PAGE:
Van der Flier and Demant win World Rugby Awards

Van der Flier and Demant win World Rugby Awards

Josh Van der Flier (left) helped the men of Ireland become the number one team in the world and Ruahei Demant (right) won the Women’s World Cup with New Zealand.

Irish flanker Josh van der Flier was named Men’s Player of the Year at the World Rugby Awards on Sunday.

Van der Flier played an influential role when Ireland won an away series in New Zealand for the first time and climbed to the top of the world rankings.

He also scored five tries in 11 tests.

The Irish striker, who has Dutch grandparents, beat team-mate Jonny Sexton, as well as South African Lukhanyo Am and Frenchman Antoine Dupont for the prize.

“I’ve been incredibly lucky to have great teammates and coaches who really pushed me, and my wife and family who are so supportive,” the 29-year-old said.

“I always felt that I had to play my best all the time, otherwise I wouldn’t play.”

Asked about his highlight of the year, Van der Flier said: “The win in New Zealand was right there, in rugby terms, but my wife is sitting there watching me and I got married in August, so it must probably be at the top.”

Black Ferns co-captain Demant produced a player of the match performance in the 34-31 win over pre-tournament favorites England at Eden Park.

She beat England’s Alex Matthews, Canada’s Sophie de Goede, France’s Laure Sansus and fellow Black Fern Portia Woodman for the award.

“I come from a very small place in New Zealand and to be able to put on the black jersey is a dream,” said Demant.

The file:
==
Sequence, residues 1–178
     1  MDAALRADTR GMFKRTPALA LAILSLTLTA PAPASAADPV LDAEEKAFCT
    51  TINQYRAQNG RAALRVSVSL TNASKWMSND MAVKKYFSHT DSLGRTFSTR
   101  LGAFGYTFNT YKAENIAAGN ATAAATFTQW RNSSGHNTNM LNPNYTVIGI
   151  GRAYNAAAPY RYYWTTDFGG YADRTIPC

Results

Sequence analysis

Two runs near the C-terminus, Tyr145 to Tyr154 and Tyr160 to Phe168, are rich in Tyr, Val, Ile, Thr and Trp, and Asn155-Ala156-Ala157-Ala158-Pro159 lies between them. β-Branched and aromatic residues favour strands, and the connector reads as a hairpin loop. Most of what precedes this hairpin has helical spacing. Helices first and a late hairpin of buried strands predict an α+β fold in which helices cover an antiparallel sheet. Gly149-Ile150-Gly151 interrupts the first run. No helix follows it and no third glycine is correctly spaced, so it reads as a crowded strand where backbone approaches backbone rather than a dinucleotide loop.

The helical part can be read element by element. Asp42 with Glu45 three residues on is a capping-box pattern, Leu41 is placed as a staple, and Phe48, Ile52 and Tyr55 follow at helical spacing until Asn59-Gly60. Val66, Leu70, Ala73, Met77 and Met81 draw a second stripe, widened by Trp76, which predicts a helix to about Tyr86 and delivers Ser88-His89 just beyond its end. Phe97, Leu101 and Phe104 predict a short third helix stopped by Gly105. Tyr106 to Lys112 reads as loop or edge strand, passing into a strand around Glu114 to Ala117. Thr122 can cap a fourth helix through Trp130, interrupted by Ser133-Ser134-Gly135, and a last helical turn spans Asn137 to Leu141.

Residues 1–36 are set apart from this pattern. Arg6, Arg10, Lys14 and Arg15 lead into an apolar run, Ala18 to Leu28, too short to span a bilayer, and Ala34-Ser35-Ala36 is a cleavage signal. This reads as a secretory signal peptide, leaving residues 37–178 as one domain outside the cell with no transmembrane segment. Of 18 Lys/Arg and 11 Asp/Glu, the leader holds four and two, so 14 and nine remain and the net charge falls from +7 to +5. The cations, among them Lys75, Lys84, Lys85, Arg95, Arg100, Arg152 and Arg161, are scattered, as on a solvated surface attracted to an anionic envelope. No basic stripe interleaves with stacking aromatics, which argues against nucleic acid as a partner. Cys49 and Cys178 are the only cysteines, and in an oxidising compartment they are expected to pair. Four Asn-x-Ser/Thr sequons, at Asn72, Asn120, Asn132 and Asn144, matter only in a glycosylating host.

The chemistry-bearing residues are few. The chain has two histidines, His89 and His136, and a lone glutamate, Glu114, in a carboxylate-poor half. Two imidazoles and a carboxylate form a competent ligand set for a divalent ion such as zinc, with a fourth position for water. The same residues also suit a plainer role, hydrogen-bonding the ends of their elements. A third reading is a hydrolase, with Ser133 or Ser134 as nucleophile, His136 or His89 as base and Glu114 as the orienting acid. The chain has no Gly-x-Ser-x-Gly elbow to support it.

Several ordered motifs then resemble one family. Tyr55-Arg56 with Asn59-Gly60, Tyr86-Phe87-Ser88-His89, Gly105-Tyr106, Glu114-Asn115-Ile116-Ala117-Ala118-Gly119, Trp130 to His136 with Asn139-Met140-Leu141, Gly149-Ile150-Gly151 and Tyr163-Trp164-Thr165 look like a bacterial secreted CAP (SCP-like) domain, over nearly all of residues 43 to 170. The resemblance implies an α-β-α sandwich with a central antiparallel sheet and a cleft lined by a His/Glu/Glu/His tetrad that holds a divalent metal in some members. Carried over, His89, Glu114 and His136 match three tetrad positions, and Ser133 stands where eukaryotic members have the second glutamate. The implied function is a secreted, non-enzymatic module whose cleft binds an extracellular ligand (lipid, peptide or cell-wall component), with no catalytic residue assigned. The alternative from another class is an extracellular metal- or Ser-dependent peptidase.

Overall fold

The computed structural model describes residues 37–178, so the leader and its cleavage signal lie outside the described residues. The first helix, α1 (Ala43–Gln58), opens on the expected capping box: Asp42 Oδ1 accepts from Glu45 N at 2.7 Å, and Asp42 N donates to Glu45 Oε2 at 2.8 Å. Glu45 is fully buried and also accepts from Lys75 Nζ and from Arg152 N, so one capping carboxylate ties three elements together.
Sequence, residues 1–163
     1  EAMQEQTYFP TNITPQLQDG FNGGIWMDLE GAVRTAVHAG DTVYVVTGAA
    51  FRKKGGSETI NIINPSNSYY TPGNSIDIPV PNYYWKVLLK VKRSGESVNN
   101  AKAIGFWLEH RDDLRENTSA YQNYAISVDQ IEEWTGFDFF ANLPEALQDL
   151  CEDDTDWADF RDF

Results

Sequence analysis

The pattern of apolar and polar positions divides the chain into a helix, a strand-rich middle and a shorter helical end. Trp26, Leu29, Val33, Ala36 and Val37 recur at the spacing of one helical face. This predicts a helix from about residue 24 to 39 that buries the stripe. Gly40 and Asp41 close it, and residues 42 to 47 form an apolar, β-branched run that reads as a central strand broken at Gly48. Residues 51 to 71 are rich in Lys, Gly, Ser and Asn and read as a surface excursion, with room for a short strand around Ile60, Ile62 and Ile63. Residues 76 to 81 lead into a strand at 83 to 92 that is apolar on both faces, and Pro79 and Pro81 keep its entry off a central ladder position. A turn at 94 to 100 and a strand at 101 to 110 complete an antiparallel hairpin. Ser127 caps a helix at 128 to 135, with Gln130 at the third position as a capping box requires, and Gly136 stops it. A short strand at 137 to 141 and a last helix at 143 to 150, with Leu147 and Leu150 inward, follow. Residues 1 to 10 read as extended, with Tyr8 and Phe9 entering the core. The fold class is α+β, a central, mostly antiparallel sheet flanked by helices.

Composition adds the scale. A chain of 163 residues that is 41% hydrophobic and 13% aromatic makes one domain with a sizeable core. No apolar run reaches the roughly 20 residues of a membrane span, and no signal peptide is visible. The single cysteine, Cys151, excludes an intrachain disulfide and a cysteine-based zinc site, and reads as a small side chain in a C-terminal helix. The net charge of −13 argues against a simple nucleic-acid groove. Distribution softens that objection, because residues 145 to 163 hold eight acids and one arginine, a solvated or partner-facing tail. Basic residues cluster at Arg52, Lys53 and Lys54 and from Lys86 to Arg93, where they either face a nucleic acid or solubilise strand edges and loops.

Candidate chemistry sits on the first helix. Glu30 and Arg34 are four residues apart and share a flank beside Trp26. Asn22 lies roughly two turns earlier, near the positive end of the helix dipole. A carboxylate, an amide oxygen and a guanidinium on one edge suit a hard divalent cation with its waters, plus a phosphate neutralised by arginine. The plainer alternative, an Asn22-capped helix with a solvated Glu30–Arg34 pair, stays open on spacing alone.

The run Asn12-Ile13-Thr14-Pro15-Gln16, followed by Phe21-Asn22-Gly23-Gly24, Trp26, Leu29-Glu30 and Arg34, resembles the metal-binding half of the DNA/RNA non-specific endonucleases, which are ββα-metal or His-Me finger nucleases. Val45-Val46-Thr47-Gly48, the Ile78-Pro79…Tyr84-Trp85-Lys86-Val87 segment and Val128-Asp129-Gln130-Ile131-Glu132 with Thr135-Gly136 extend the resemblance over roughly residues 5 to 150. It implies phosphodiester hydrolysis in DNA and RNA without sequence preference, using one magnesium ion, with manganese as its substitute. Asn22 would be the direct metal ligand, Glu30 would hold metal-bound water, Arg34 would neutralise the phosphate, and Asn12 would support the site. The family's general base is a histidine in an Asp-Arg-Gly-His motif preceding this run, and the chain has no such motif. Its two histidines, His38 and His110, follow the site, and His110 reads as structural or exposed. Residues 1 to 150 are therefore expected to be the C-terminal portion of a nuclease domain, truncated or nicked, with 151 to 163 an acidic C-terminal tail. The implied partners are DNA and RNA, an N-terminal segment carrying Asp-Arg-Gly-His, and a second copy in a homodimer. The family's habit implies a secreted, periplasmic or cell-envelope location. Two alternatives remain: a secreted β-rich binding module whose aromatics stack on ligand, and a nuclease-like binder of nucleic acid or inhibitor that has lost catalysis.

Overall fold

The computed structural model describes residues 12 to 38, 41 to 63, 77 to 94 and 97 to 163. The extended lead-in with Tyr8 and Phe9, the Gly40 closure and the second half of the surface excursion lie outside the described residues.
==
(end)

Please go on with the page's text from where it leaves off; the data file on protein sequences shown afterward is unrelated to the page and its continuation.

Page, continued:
“I didn’t know much about the Black Ferns when I was a kid. Women’s rugby was never accessible or something you aspired to follow because you never had any role models to look up to.”

Demant’s teammate Ruby Tui won the award for Breakthrough Player of the Year after his move from seven, while Italy’s versatile full-back Ange Capuozzo won the same accolade on the men’s side.

After winning gold at the Tokyo Olympics with the seven-man team, she rose to 15 and was part of New Zealand’s World Cup-winning squad.

“It’s such an honor to win this award and, at 27 and a half, I think I’ve set the record for oldest rookie at 15, but hey, I’ll take it,” she said. .

Tui also received another World Cup winner’s medal after presenting his original medal to a young fan who had recovered from leukemia after the final.

England’s Maud Muir was among the other nominees.

Meanwhile, Capuozzo came out on top in a category that included England’s Henry Arundell and Irish duo Mack Hansen and Dan Sheehan.

The rising star’s recognition came just a week after scoring two tries to help his country claim a first victory against Australia.

New Zealand women’s coach Wayne Smith has been named Coach of the year after leading his side to a 34-31 World Cup final victory over England.

The two-time Men’s World Cup-winning coach was only brought in to lead the side at the start of this year and experienced a dramatic turnaround in their fortunes – they had suffered two record defeats against England in 2021.

Irish men Andy Farrell, England women Simon Middleton and Fabien Galthie of the France men’s team – who were unbeaten in 2022 – were the other nominees.

“I feel quite uncomfortable accepting this award given the quality of the other coaches who have been nominated, but also very honoured,” Smith said.

England’s Abby Dow’s sensational score against Canada in the Rugby World Cup semi-final earned her the International Women’s Rugby Try of the Year prize, the Chilean Rodrigo Fernandez winning the Male Essay of the Year Award for a solo effort against the United States this summer.

Irishman Terry Kennedy has been named World Rugby Men’s Sevens Player of the Yearwhile the women’s prize went to Australian Charlotte Caslick.

There were also special mentions for the World Rugby Referee Award who went to Tappe Henning from South Africa, Dr. Farah Palmer received the Vernon Pugh Distinguished Service Award And one International Rugby Players Special Merit Award was introduced to former Springboks winger Bryan Habana, who was part of South Africa’s 2007 World Cup-winning squad.

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